It's a good thing. The more people that get this early version, then the more that will have immunity if the deadly variant arrives at winter-time. A few dead now is a risk worth taking to ensure fewer dead in the future, unless we do really want that cure for unemployment. :happy

I have to say I agree with Cyberman. Yikes! Does that mean I've already caught the flu???:eek

Lambros
2nd July 2009, 19:01
So why are GP's going to diagnose swine flu over the phone??

Is testing so woefully inaccurate and is the spread of an epidemic better monitored by clinical diagnosis.

scotspine
2nd July 2009, 19:06
ah, good ol' lambo. welcome back. you've been away some time. if anyone ever feels the lack of a conspiracy... :tongue

ThomasSoerensen
2nd July 2009, 19:11
Evolution - H1N1 will eventually adapt to become tamiflu-resistant.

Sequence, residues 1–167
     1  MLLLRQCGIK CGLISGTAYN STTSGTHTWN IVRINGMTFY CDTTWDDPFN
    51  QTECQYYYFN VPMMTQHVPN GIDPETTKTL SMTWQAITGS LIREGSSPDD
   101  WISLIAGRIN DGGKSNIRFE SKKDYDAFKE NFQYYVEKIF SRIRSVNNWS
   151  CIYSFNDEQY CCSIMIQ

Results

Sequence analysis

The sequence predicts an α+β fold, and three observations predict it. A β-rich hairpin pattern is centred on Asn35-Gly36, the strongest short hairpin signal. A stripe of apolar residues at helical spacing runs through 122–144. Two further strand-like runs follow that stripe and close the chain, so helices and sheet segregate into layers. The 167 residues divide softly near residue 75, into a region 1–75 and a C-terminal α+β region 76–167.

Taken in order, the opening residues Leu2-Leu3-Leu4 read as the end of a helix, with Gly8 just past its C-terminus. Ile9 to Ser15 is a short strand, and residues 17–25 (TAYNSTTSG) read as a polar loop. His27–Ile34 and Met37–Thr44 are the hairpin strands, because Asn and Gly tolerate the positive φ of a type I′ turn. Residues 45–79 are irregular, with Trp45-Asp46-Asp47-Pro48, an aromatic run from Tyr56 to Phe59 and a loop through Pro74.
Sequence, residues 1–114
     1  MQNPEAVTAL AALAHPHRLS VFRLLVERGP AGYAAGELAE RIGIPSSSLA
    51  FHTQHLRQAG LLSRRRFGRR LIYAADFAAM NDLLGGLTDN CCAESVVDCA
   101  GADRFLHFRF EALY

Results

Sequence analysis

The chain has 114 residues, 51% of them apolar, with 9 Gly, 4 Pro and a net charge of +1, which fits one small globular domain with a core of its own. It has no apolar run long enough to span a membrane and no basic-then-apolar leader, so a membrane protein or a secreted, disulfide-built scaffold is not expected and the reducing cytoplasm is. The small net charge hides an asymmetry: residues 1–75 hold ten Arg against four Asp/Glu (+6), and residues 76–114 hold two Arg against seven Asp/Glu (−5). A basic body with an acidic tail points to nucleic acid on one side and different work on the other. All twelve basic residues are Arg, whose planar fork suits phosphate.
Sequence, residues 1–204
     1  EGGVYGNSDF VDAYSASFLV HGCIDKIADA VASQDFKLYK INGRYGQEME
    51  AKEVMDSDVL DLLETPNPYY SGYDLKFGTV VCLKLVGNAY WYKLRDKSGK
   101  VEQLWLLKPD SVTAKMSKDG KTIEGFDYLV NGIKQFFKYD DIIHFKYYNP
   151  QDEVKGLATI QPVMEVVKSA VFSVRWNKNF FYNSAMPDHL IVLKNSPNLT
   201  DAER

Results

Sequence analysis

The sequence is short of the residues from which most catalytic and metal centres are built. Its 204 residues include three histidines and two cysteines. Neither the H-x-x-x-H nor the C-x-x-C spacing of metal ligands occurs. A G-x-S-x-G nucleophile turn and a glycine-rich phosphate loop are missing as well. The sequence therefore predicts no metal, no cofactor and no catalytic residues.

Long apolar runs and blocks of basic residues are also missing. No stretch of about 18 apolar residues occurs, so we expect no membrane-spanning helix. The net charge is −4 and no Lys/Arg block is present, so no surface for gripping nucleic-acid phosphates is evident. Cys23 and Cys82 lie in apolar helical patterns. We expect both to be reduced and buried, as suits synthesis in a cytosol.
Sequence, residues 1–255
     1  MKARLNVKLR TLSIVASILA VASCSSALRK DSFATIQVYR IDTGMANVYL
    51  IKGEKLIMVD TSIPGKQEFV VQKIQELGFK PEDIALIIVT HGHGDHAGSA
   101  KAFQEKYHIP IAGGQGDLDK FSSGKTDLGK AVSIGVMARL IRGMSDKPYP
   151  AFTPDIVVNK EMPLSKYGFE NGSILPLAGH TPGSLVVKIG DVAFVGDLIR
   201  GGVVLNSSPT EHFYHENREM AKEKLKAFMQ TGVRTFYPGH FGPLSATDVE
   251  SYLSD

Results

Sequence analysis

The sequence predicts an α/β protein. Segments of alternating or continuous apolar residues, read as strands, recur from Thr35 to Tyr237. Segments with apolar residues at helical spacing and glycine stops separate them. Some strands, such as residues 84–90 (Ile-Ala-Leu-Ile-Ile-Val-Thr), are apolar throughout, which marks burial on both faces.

That has already happened in at least 1 case in Denmark.

Lambros
2nd July 2009, 19:31
ah, good ol' lambo. welcome back. you've been away some time. if anyone ever feels the lack of a conspiracy... :tongue


As you say scotspine but testing should be used to verify clinical diagnosis.

Otherwise how will we know if swine flu is a pandemic.

scotspine
2nd July 2009, 20:06
that is true i guess but don't you think that the workload of testing could overload the hs, perhaps even to the point that results would so postdate the events as to be, to all intents and purposes, useless?


edit: besides, i thought the fact of a pandemic had already been established?

Lambros
2nd July 2009, 21:36
that is true i guess but don't you think that the workload of testing could overload the hs, perhaps even to the point that results would so postdate the events as to be, to all intents and purposes, useless?


edit: besides, i thought the fact of a pandemic had already been established?


So are you saying that testing is woefully inaccurate and the spread of an epidemic is better monitored by clinical diagnosis?

Andy2
3rd July 2009, 08:36
look at the bright side
Contractor rates will increase because of too many dead contractors